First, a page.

Beliefs about Deliberation: Personal and Normative Dimensions

Authors


  • Funding for the research reported in this article came from The Pew Charitable Trusts (#2002-000748), between 2002 and 2004. The opinions expressed in this article are those of the authors and do not necessarily reflect the views of The Pew Charitable Trusts. The authors wish to thank Mike Illuzzi, Beth Haney, Gillian Lawrence, Krista Henley, Corrie Hunt, Tiffany Burkhardt, Diana Fu, and Alex Reed for their research assistance during different phases of this research project. We also wish to thank Wendy Rahn and Jeffrey D. Long for their statistical advice at various stages of this project, and Ludwin Molina and Rick Battistoni for their astute comments on an earlier version of this article.

*Correspondence concerning this article should be addressed to Eugene Borgida, Department of Psychology, 75 East River Road, University of Minnesota, Minneapolis, MN 55455 [e-mail: borgi001@umn.edu].

Abstract

Democratic deliberative theory has long emphasized the importance of citizen deliberation as a form of political participation and a centrally important component of any vital democracy. Public deliberation and discourse among citizens has been less frequently investigated as a form of political participation than more standard indicators such as voting or volunteering for political organizations. This research examines the extent to which internalized beliefs about deliberation are associated with deliberation outcome measures among a national sample of high school students participating in a year-long deliberation forum, Project 540. Using a multilevel analysis, the research specifically tested the extent to which scales of personal and normative deliberation beliefs, independently and moderated by Project 540 participation, predict key deliberative outcomes (e.g., civic skills, intention to participate in civic affairs). We find that predeliberation endorsement of both personal and normative beliefs predicts increases in certain positive deliberative outcomes, and that these effects are not moderated by participation in Project 540. The implications of these findings for deliberative democracy theory and for developing effective citizen deliberation forums are discussed.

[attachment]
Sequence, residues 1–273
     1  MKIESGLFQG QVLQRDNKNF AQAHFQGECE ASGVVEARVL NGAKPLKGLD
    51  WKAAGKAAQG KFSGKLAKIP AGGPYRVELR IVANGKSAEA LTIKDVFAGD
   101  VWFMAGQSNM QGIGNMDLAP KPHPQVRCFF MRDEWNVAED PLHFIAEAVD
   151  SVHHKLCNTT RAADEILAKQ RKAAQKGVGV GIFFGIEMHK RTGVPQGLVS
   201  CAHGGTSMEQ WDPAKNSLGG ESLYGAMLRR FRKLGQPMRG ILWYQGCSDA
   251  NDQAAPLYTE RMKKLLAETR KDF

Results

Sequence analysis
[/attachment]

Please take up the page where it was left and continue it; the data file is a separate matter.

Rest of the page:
Ancillary